Russia will treat all U.S. aircraft west of the Euphrates river in Syria as legitimate targets after a U.S. F/A-18 shot down a Syrian regime aircraft Sunday, striking anti-ISIS forces, Moscow announced Monday.
Russia also announced Monday it would cut an established channel with the U.S. to de-conflict aerial operations over Syria.
“Any aircraft, including planes and drones of the international coalition, detected in the operation areas west of the Euphrates River by the Russian air forces will be followed by Russian ground-based air defense and air defense aircraft as air targets,” Russia’s defense ministry declared.
The threat may bear little teeth given that the majority of U.S. anti-ISIS operations occur east of the Euphrates river. ISIS’s capital of Raqqa is east of the river and is currently the site of intense U.S. operations in support of its allies’ push on the city.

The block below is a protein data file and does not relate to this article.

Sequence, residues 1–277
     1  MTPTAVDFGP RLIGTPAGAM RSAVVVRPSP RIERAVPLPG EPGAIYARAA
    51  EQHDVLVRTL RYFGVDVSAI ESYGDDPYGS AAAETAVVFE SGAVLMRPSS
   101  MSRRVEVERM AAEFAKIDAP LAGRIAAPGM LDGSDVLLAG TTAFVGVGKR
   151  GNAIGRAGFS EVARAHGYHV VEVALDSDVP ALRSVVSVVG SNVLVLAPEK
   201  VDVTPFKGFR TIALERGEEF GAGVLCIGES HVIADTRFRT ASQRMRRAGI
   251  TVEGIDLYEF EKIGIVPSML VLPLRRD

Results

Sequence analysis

The U.S. shot down the Syrian regime aircraft Sunday after repeated warnings to stop engaging U.S.-backed anti-ISIS fighters.
The U.S. anti-ISIS mission noted that it repeatedly warned pro-Syrian regime forces over the now cut deconfliction channel. After this failed, the Pentagon said a “Syrian regime SU-22 dropped bombs near SDF fighters south of Tabqah and, in accordance with rules of engagement and in collective self-defense of Coalition partnered forces, was immediately shot down by a U.S. F/A-18E Super Hornet.”
Russia disputed the U.S. characterization of events saying the Syrian regime aircraft was actually conducting aerial operations in support of pro-regime operations against ISIS. Russia, Iran, and Syria frequently characterize any force that is not explicitly pro-regime as terrorist to justify targeting them aggressively.
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